Researchers at Koç University discovered why a promising class of cancer treatments fail, and their findings point to how such treatments might be made to work. The research revealed the mechanisms behind the development of resistance by cancer cells to TRAIL, or tumor necrosis factor-related apoptosis-inducing ligand. As reported in Oncogene, the scientists showed that combining TRAIL with proteasome inhibitors, drugs that block the action of cellular complexes that break down proteins, can overcome this resistance, opening up new avenues for cancer treatment.
TRAIL has generated interest as cancer therapeutic, said principal investigator Tuğba Bağcı-önder, a professor in medicine at Koç University, "because it could induce apoptosis, aka programmed cell death, in tumor cells while sparing normal cells."
Due to its selectivity for malignant cells, TRAIL has been in clinical trials for years, sometimes by itself and sometimes along with other drugs. These investigations, though, have never proved successful. One reason could be that not all cancer cells exposed to TRAIL die. Another possibility is that cells subjected to TRAIL treatment for a long enough time develop resistance, leading to tumor cells on which a TRAIL-based therapeutic has no effect.
The Koç University group ran a long series of experiments to uncover how this resistance comes into being. They started with cell lines of glioblastoma, a malignant brain cancer very resistant to conventional therapies. The researchers worked with glioblastoma cell lines that were initially TRAIL sensitive. They then subjected the cells first to a low dose TRAIL treatment, took the surviving cells, allowed them to multiply, and then exposed them again to TRAIL at a slightly higher dose. They repeated this procedure several times.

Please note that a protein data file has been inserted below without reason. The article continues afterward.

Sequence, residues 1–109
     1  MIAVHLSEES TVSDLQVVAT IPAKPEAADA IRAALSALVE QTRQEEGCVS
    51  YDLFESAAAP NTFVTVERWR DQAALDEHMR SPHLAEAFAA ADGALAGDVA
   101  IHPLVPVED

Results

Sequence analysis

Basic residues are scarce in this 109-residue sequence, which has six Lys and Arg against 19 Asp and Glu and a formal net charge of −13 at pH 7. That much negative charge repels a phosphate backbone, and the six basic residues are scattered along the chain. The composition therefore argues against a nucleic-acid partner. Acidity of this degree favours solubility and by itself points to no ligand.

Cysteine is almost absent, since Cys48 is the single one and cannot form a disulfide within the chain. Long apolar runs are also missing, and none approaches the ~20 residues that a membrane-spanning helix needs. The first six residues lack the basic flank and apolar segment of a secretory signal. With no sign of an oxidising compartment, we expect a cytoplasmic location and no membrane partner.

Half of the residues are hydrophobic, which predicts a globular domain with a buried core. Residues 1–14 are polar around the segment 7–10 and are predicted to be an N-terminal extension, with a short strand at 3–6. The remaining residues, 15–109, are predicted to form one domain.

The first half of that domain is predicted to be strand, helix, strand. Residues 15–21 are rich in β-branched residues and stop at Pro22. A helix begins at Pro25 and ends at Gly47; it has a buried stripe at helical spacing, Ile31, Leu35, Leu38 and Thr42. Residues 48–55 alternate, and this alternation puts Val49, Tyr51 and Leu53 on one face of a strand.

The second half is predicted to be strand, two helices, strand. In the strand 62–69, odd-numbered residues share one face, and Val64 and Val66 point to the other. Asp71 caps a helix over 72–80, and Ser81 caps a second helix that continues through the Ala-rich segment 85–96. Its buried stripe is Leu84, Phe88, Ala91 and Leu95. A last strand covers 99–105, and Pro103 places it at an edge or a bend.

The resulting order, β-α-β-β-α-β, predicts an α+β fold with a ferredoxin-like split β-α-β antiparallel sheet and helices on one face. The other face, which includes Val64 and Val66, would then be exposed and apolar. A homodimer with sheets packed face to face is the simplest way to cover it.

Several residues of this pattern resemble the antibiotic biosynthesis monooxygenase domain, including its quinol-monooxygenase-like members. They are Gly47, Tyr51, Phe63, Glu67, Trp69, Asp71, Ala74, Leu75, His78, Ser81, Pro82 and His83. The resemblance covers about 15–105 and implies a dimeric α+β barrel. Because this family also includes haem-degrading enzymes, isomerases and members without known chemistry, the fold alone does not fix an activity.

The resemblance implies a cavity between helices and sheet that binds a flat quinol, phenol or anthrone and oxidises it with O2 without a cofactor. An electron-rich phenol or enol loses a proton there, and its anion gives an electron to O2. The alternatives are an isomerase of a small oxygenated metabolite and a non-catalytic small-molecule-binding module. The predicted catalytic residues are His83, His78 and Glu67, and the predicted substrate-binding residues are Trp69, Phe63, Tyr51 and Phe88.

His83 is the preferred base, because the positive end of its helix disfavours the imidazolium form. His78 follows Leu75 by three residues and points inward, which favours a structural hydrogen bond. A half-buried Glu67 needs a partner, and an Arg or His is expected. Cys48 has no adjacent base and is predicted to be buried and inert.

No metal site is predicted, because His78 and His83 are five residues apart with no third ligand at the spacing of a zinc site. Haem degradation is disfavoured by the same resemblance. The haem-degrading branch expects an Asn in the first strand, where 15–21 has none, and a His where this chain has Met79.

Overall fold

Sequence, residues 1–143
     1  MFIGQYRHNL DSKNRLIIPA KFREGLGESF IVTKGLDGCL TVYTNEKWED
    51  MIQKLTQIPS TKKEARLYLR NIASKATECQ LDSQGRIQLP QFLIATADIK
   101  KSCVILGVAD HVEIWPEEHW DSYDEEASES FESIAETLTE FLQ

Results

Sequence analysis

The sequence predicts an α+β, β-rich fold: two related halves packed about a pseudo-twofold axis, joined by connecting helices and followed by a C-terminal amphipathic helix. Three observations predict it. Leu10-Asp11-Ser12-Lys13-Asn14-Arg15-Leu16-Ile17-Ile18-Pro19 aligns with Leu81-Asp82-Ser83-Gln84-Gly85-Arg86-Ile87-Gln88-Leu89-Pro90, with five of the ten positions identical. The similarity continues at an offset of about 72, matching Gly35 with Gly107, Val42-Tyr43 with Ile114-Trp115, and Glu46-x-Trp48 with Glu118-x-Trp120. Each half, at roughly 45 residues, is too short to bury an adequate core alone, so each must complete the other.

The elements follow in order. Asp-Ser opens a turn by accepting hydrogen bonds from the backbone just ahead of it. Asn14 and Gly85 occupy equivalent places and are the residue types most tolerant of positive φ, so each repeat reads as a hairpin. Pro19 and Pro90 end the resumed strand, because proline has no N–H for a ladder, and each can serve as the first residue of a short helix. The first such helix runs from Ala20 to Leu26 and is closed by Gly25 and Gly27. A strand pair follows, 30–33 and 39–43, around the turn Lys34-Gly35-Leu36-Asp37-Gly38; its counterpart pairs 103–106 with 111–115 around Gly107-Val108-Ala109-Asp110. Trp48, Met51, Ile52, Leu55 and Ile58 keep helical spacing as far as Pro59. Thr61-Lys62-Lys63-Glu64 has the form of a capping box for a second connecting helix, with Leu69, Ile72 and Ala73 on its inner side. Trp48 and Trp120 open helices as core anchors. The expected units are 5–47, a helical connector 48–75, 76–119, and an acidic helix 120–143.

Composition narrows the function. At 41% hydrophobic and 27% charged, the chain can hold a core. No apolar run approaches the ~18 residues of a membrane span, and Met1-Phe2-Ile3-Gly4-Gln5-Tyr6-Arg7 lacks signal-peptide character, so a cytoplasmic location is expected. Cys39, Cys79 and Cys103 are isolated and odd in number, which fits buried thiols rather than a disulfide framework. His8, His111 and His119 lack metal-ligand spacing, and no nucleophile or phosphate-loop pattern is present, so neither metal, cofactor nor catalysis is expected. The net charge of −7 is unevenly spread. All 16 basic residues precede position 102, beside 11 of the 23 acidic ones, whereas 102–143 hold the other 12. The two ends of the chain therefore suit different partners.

This process of slowly rising the TRAIL exposure level continued for about six months. According to Bağcı-önder, this long and sustained effort succeeded despite the pandemic, her own battle with cancer, and other setbacks, due to the dogged work of the paper's lead author, post-doctoral researcher Ahmet Cingöz.
After half a year, the scientists had cell populations with consistent TRAIL resistance, a state that persisted long after the removal of the tumor cell killing agent. The investigating team used these cell lines in further studies to decipher the mysteries behind TRAIL resistance. Genetic sequencing of resistant and sensitive cells indicated that changes in inflammation signaling may play a significant role in acquiring resistance. This information could lead to new treatment strategies.
The researchers then found that proteasome inhibitor Bortezomib overcame TRAIL resistance while other classes of drugs did not. So, one therapy would be to use the right helping agent, a proteasome inhibitor, along with TRAIL.
An unexpected discovery was that the change of a cell line from a TRAIL-resistant form into a TRAIL-sensitive version or vice versa was an all-or-nothing transformation. Bağcı-önder said that the cells seemed in one of two locked states, switching from sensitive to resistant, for instance, and then remaining stuck until the right push to switch back came along.
Summing up the group's findings, she said they provide essential understanding about what happens to glioblastoma when treated with TRAIL, and the information from the research could prove crucial in further studies or in getting this therapeutic agent to work. Since investigators have already tried TRAIL and it failed, scientists have largely put it on the shelf. With this new research, TRAIL may make a come-back. If successful, TRAIL could prove a potent cancer-fighting weapon, one that might destroy the malignant cells even when they're in a dormant state.
With TRAIL, it's almost as if the tumor cells are ready to die."
Tuğba Bağcı-önder, professor in medicine, Koç University
Cingöz, A., et al. (2021) Generation of TRAIL-resistant cell line models reveals distinct adaptive mechanisms for acquired resistance and re-sensitization. Oncogene. doi.org/10.1038/s41388-021-01697-6.